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Contributors BoJ remains steady, yet bullish markets push higher

alpari

  • FOMC continues to drive bullish sentiment
  • BoJ keeps stable yet election provides renewed mandate
  • German GFK survey looking to top off strong week.

The end of a memorable week in the markets, which seemed likely to go out with somewhat of a whimper given the relative lack of events to get the market moving. However, this doesn’t look like it will affect sentiment too much with many still reeling from the massive news out from the likes of the FOMC, Japan and Russia. As a result, the European markets are hoping to extend the positive sentiment seen overnight in Asia, by pushing yet higher and closing out the week on a positive note. The FTSE100 is expected to open up by 77 points, CAC by 53 points and DAX by 106 points.

The dominant market sentiment driver appears to be the FOMC statement from Wednesday, which saw Yellen and co produce an increasingly dovish tone amid calls from many for the Fed to finally be done with the ‘considerable time’ section of the statement. In fact, they moved the opposite way, noting that they will be ‘patient’ with the process; no doubt a reference to the need to hold off until the oil price and thus inflation rate stabilises. Ultimately, Saudi Arabia’s decision to push oil prices lower has brought about an unexpected source of market bullishness, where the likes of the BoJ and ECB are now even more likely to push for further easing, whilst the likes of the UK and US have taken a step back somewhat from what looked like a strong push towards raising rates in 2015.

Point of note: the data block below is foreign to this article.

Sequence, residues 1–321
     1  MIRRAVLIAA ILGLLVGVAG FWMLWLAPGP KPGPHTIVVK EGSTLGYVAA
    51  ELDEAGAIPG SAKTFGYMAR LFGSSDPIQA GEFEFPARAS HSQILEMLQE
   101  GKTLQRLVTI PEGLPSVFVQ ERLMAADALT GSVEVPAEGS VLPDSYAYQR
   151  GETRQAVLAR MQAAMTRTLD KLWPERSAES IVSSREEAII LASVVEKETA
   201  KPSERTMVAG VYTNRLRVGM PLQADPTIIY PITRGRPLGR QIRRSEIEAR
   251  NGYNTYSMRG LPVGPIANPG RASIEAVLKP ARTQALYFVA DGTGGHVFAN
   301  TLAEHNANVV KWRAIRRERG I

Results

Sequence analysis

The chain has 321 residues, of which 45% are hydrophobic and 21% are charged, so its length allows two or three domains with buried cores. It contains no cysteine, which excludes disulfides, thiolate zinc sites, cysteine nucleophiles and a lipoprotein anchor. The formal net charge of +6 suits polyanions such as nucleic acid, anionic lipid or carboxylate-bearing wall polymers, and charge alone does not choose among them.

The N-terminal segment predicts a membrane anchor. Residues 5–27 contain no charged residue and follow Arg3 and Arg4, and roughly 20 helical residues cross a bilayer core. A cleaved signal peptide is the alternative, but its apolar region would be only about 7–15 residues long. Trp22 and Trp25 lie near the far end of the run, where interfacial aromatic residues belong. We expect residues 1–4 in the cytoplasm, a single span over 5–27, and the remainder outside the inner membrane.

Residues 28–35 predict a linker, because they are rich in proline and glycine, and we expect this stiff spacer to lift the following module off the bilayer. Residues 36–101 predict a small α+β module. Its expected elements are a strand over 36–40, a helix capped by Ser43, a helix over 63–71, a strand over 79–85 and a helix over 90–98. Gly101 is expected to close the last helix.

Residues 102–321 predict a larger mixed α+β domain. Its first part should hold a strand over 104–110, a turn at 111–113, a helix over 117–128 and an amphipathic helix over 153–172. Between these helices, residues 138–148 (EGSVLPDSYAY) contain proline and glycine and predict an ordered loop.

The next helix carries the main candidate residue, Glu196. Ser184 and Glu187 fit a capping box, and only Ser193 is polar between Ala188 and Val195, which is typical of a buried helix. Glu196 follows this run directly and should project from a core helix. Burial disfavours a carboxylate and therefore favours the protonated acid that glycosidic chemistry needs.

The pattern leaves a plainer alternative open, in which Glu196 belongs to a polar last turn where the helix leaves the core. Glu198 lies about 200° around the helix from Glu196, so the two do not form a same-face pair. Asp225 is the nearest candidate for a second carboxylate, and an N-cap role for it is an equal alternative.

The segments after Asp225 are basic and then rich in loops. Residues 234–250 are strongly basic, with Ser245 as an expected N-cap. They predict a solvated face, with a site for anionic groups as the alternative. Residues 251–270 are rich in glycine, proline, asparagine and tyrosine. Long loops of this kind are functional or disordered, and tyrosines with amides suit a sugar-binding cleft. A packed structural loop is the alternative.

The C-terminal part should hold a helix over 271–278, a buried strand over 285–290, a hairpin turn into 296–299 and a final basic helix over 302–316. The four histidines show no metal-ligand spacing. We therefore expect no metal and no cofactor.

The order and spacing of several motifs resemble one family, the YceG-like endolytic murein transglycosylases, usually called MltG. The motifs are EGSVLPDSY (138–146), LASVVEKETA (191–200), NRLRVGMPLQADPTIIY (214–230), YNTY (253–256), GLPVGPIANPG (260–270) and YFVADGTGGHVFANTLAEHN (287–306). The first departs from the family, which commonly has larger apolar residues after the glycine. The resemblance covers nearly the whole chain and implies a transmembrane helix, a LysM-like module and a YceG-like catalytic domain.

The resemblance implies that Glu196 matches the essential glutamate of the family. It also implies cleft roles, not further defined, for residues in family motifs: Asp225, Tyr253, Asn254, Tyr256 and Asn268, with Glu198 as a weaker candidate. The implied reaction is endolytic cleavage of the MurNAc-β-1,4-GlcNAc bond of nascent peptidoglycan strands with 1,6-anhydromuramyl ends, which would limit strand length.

Overnight, the BoJ kept monetary policy stable at 80 trillion yen of asset purchases monthly; a move that was largely expected by all. Kuroda, along with Shinzo Abe was essentially on the stand when Sunday’s election went ahead given that his loose monetary policy has been a backbone of so-called ‘Abenomics’ as we know it. Thus the ability to retain a super-majority will have emboldened Kuroda and the BoJ to remain bold with their monetary policy going forward. With inflation likely to continue falling due to the impact of oil prices, it will be interesting to see if the BoJ will move yet again in heightening the rate of asset purchases. There is certainly the need to push both growth and inflation higher, but the question is whether the BoJ really believes that another shift in the rate of purchases will make an impact. Given that we have only recently seen a seismic shift from 50 to 80 trillion yen of QE, it is highly likely that the committee will leave the effects to work through into the economy for some time and only then will they know how effective it is by itself at raising prices. Thus as we come into 2015, it is not unlikely that we will see another rise in easing, yet Q1 seems to be somewhat of a stretch.

Looking at the European session, there seems to be very little in terms of major events, with one of note coming in the form of the German GFK consumer climate survey. This release has the chance of topping off a very strong week for the German economy following very strong manufacturing PMI, ZEW and Ifo surveys. Conditions are clearly improving the Europe biggest economy and that can only be a good thing for the eurozone. Signs point towards a potential bottoming out in eurozone fortunes of late and this is likely to have been driven by Germany. Given that surveys are typically seen as a great indicator of future quantitative figures, a clean sweep of positive figures would be a huge boost to an ailing economy of late. Markets expect a third consecutive increase in this figure, from 8.7 to 8.9, yet given the trend we have been seeing, I think it may even go higher yet.

About Joshua Mahony

josh mahonyJoshua Mahony is Research Analyst at Alpari UK. Having joined in 2012, Josh’s previous experience in the industry includes time spent on the trading floor at Barclays Capital and working for Deutsche Bank in New York for a year. Originally coming from an economics background, Josh then traded equities in the wake of the 2007/2008 financial crisis. He is now turning that experience towards the forex markets. Josh writes market commentary that has featured on websites and publications including the Financial Times, Reuters, the Guardian, ABC News, CityAM, the Washington Post and the Miami Herald. You can follow Josh’s analysis on Twitter, and Google+

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